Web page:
In addition to receiving a Brand Genius Award, Benson was voted this year’s Grand Brand Genius, an honor bestowed on just one of the members of the Brand Genius class in recognition of exceptional work that takes risks, generates attention and produces measurable results.

Charged with promoting Amazon Originals’ flagship programs, Benson, along with an in-house team and agency partners, conceived a variety of head-turning installations that pushed the envelope on experiential marketing.

To promote the Jack Ryan series, for example, attendees at San Diego Comic Con were given the chance to leap from a (stationary) helicopter. At SXSW, Benson’s team created the Garden of Earthly Delights, a sin-a-minute immersion spotlighting the Good Omens miniseries that included, among other things, decadent foods served up to the music of a live string quartet. Most ambitious, perhaps, was Benson’s resurrection of New York’s much-missed Carnegie Deli, whose steaming pastrami sandwiches made a brief return to customers’ plates in celebration of the series The Marvelous Mrs. Maisel.

Adweek was not alone in recognizing Benson’s talents as an executive. In September, CBS lured him to its own C suite as president and CMO. Benson nonetheless took time off to attend Adweek’s awards program.

“Now I feel so horrible for leaving Amazon,” Benson said, partly in jest, and clearly surprised at having been selected as the standout Brand Genius winner. “Now I have to call Jeff Bezos!”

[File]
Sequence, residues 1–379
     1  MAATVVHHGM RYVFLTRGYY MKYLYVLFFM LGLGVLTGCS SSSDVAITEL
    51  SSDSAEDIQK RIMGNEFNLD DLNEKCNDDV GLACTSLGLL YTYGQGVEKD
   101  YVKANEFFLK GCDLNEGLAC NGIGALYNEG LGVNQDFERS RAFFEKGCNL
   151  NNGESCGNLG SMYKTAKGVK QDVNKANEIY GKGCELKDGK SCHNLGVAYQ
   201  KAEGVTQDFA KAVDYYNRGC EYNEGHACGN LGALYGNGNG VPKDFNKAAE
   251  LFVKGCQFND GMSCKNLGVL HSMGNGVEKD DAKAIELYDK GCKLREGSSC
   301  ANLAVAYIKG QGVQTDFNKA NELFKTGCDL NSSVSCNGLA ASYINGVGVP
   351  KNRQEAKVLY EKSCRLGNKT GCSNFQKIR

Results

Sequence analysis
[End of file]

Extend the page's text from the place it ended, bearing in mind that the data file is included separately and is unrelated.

On a more serious note, Benson pointed out to the audience of nearly 800 that because truth was a prevailing theme of the evening—a nod to Rubin’s campaign for the Times—it should also be a guiding principle in creative work. “Let’s be truthful in what we do,” Benson told those assembled.

Now in its third decade, the Brand Genius Awards—which up until 2011 were known as the Marketer of the Year award—have expanded to include the two additional important honors.

Schwartz and Robertson, founding partners of the Robertson Schwartz Agency, accepted the Brand Save honor, which the magazine’s editors created five years ago to spotlight the most innovative marketing in the not-for-profit sector. Stand Up to Cancer, with help from media and entertainment industry luminaries including Katie Couric and Sherry Lansing, has raised over $600 million, all of which the group has funneled directly into research.